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Two weeks ago, on a warm-for-November Saturday night, I sat in an Adirondack chair beside my friend’s fire pit, an iPad perched on a little folding table between us, waiting for Joe Biden to make his first speech after the race had finally been called in his favor. There had, at one point, been five of us around that fire pit, but bedtime had called people home and inside until it was just me, my friend Rachel, and her two-month old daughter.
Biden, of course, was the main event. But the evening will always, to my mind, belong to Kamala Harris.
Out she strode in that dazzlingly white pantsuit, a symbol of strength and pride hearkening from the white dresses of the suffragettes. One hundred years after women first earned the right to vote, here she was, the first female Vice-President elect of the United States, speaking about hope, unity, and the future.
“But while I may be the first woman in this office,” she declared, “I will not be the last, because every little girl watching tonight sees that this is a country of possibilities.”
During the week of the election, I had a constant text stream going with a group of friends from seminary – two couples – who I don’t see or talk to much anymore. We had experienced the 2016 election together, and it was as though, four years later, we needed to see this thing through together also, to close the door on this chapter that had opened before our astonished eyes.
One of those couples was pregnant in 2016, expecting a girl. I remember driving in their car, just days before the election, and my friend saying, “How amazing would it be if my daughter never knew a world where a woman couldn’t be president?”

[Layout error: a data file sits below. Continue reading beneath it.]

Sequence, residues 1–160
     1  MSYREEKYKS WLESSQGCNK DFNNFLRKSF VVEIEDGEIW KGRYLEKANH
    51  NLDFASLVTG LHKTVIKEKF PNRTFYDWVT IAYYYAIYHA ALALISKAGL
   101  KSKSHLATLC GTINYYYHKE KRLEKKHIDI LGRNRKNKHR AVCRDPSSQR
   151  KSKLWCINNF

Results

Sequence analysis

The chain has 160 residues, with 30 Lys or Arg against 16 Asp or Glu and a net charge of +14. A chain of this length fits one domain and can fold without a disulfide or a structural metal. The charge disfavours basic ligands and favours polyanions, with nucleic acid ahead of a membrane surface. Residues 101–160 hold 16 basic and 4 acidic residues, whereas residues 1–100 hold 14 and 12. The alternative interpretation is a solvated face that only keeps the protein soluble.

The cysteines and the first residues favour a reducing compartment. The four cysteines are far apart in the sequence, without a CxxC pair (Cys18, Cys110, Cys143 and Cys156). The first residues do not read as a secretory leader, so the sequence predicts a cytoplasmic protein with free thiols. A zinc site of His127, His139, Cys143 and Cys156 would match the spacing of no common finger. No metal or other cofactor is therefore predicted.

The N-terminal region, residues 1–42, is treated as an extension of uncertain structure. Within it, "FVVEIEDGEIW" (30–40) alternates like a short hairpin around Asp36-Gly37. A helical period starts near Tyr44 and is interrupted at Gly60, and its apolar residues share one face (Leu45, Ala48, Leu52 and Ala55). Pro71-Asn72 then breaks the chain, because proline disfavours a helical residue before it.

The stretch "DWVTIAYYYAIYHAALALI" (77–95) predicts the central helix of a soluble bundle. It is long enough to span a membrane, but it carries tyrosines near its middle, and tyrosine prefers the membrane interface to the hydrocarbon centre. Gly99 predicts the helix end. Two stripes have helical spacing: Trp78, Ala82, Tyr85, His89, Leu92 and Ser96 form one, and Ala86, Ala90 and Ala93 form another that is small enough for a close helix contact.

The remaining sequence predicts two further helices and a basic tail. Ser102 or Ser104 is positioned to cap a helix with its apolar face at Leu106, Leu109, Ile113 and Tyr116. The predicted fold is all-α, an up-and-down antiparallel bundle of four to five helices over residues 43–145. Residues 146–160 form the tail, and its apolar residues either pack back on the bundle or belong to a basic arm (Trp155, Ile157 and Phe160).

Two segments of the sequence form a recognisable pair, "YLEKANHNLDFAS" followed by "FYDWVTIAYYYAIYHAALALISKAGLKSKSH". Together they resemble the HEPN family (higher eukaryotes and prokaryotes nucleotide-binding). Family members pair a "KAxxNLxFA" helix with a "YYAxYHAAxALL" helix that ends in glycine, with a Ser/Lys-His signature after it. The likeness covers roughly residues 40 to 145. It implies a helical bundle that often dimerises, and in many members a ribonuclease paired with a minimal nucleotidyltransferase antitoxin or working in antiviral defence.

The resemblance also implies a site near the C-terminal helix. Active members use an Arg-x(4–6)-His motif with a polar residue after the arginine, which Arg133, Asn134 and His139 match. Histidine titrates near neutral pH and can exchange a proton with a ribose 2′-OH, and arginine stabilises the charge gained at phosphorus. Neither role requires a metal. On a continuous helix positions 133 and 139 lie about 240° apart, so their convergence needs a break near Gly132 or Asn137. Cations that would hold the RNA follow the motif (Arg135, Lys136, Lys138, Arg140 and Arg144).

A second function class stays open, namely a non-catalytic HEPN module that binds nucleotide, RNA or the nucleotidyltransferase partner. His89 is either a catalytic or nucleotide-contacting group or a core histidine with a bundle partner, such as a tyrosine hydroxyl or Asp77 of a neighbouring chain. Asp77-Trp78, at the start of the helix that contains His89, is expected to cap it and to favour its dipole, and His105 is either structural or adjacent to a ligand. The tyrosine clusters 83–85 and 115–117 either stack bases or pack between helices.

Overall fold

And I remember waking up the morning after the election, checking my phone, and bursting into tears. That world was not yet to be.
I don’t think I was the only female student to not go into school that day. I know Hilary Clinton didn’t lose simply because she was a woman. But on that day, all I could think was, “Even a man as crass and problematic as Trump is more electable than a woman.” And – call me melodramatic – but something about going into the seminary, into a place where women were and are still the minority, felt impossible.
I’m aware that my experience as a woman in the CRC has been remarkably positive compared to some of my colleagues. I have friends who can’t preach at the church in which they were baptized, can’t live out their calling in the place they call home; friends who spend years looking for jobs because of the limited number of options available to them. Coming into seminary, I didn’t have any real experience or understanding that serving as a woman in this denomination might be difficult. My home church frequently had female preachers or interns. I had a phenomenal role model in Mary Hulst, my college chaplain. To see a woman in the pulpit was old news for me.
Not so, for some of my parishioners. For a few, I am the first woman they’ve heard preach. It’s encouraging to hear them say, “I didn’t know how this would go, but I’m so glad we extended the call now.” But what gives me the biggest thrill of hope and joy is interacting with the young girls in my congregation. Every time they yell “Pastor Laura” across the atrium and come running to show me something, my heart leaps. Pre-Covid, one of those girls would come to church early when her dad sang on praise team, and I’d pick her up, walk up into the pulpit, and have her turn the pages of “the big Bible” to the right spot. Her dad once joked, “You’re going to turn her into a preacher yet.”
Just two weeks ago, the day after watching Harris’ speech, I found out that another little girl plays “Pastor Laura.” She stands on a big wagon, holds up a church bulletin, and prays. I thought my heart would explode when her parents told me.
It is truly astonishing, and humbling, to be used in such a way as to be an example – as I had so many examples myself growing up – of what is possible, a depiction of a possible reality for each little girl who walks through my church doors.
There’s still a long way to go – for women in the church, and for women in politics. But with every example, and every story, the door opens a little wider – the crack in the ceiling gains a couple more inches.
My friends are pregnant again – the baby’s due in February. I texted them later that night, “Just finished watching Kamala Harris speak. Thinking about that conversation four years ago…and this new life that’s coming…and feeling all the feels and all the hope.”
They texted back, “Yes! Did we tell you it’s another girl?”
I sent back many heart-eyes and crying emojis.
And the next morning, as I got ready for another Sunday in the pulpit, I put on my own white suit jacket.